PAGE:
U.S. EPA Contaminated Site Cleanup Information (CLU-IN)

U.S. Environmental Protection Agency
U.S. EPA Technology Innovation and Field Services Division

Dense Nonaqueous Phase Liquids (DNAPLs)

Treatment Technologies

Soil Vapor Extraction and Air Sparging

Multi-Component Waste

Due to the low volatility of coal tar, creosote, and heavy oils, SVE alone is unlikely to remove more than the light ends that may be found within mixtures. SVE generally must be used in combination with other technologies—such as thermal treatments—that can volatilize heavier contaminants, thus making them accessible to extraction equipment. The Thermal Processes section contains case studies of soil heating and vapor extraction used together.

Sparging has been shown to be effective at removing dissolved groundwater contaminants and is widely employed as a remediation technology for volatile contaminants, such as gasoline; however, its effectiveness against concentrated semivolatile contamination, such as undissolved coal tar, has not been demonstrated. Consequently, sparging is viewed as a polishing technology that could be effective in treating dissolved-phase contaminants, such as BTEX, and potentially in reducing the mobility of coal tar, but likely would be only marginally effective at remediating tar (Oneonta ROD 2005).

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Case Studies: Coal Tar | Case Studies: Creosote

Case Studies: Coal Tar

Adobe PDF LogoRecord of Decision: NYSEG Oneonta MGP Site, City of Oneonta, Otsego County, New York, Site Number 4-39-001
New York State Department of Environmental Conservation, 48 pp, 2005

In 1994, NYSEG constructed an AS/SVE system as an interim remedial measure. This system was constructed in the main source area on the western plant site, which was very heavily contaminated with MGP waste products. The intent was to help reduce the amount of groundwater contamination leaving the site by introducing air into the subsurface. Air was pumped into the subsurface through a series of sparge wells. At the same time, air was withdrawn from the subsurface through a horizontal well. This air was collected for treatment prior to discharge to the atmosphere. The SVE system operated for four years, from 1997 to 2001, but the system proved ineffective against the high concentrations of contaminants. Samples collected from the air recovered by the horizontal well prior to treatment showed very low levels of volatile contaminants, and it appeared that little contamination was being removed. Consequently, NYSEG proposed closing down operation of the SVE system, and it was abandoned in July 2001. It should be noted, however, that sparging technology may still be effective against lower-level contamination found around the fringes of the contaminated area. A biosparge system will be constructed outside the limits of the MGP site excavation to accelerate the degradation of MGP-related contaminants in groundwater.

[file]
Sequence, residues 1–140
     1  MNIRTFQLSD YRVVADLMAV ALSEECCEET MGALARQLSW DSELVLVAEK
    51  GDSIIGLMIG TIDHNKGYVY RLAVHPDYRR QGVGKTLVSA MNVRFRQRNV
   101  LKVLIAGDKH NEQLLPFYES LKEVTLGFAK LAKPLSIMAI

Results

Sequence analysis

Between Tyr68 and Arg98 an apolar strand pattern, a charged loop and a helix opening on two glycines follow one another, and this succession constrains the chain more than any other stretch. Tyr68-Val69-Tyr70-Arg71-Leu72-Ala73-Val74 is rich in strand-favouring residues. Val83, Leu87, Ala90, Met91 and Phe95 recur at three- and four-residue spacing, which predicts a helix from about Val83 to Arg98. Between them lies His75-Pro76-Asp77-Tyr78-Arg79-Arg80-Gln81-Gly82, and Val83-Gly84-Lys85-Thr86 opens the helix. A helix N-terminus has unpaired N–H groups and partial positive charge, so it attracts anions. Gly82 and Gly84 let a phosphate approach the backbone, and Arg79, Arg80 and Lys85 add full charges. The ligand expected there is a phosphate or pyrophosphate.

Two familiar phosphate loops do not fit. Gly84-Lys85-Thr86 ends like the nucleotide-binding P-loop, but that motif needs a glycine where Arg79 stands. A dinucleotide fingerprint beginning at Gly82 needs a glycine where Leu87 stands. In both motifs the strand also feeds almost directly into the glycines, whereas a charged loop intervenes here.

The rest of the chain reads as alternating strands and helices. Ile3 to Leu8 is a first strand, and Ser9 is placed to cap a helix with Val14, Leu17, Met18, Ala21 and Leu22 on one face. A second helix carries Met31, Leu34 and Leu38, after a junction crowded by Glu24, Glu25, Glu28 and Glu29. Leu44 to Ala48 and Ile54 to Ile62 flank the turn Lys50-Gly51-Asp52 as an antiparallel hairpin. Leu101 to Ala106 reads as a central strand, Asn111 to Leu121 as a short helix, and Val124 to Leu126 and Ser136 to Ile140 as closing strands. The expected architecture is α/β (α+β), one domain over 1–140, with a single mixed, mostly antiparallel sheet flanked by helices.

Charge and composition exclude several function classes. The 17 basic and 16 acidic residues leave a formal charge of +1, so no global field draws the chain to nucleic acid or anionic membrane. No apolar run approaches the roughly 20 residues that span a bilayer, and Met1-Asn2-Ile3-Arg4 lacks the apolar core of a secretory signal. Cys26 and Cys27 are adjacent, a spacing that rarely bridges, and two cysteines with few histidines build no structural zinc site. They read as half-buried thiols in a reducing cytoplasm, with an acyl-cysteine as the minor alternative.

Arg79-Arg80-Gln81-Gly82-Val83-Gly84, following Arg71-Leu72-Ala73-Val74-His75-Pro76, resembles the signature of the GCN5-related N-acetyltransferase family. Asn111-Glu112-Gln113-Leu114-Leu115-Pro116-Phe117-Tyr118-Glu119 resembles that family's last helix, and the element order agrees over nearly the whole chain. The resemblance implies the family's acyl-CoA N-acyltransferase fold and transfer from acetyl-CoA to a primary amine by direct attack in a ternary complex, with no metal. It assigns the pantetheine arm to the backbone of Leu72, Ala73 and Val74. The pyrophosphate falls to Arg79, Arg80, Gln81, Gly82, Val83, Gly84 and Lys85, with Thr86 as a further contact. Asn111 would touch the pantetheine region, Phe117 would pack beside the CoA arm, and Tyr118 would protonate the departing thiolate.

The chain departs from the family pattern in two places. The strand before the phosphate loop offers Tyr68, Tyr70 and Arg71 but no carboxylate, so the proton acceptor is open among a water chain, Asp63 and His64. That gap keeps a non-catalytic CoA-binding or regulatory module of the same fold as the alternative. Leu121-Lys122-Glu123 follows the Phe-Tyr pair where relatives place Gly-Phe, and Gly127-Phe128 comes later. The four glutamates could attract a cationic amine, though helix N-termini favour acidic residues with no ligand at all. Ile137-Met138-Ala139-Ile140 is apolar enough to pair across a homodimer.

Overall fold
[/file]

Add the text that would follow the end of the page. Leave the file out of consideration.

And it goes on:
Case Studies: Creosote

Adobe PDF LogoFirst Superfund Five-Year Review Report, Cape Fear Wood Preserving, Fayetteville, Cumberland County, North Carolina
U.S. EPA Region 4, 110 pp, 2006

The original site remedy specified 3 technologies for groundwater: extraction and treatment of groundwater/DNAPL with on-site discharge of the treated groundwater, air sparging, and injection of nutrients to promote in situ biodegradation of the contaminants. Based on the findings in a 2004 remediation system evaluation, the air sparging and nutrient injection systems were shut down. The time frame estimated in the Remedial Design to achieve the groundwater cleanup goals was underestimated due to the unexpected extent of the creosote DNAPL. It will take significantly longer than 8 years to achieve the groundwater cleanup goals.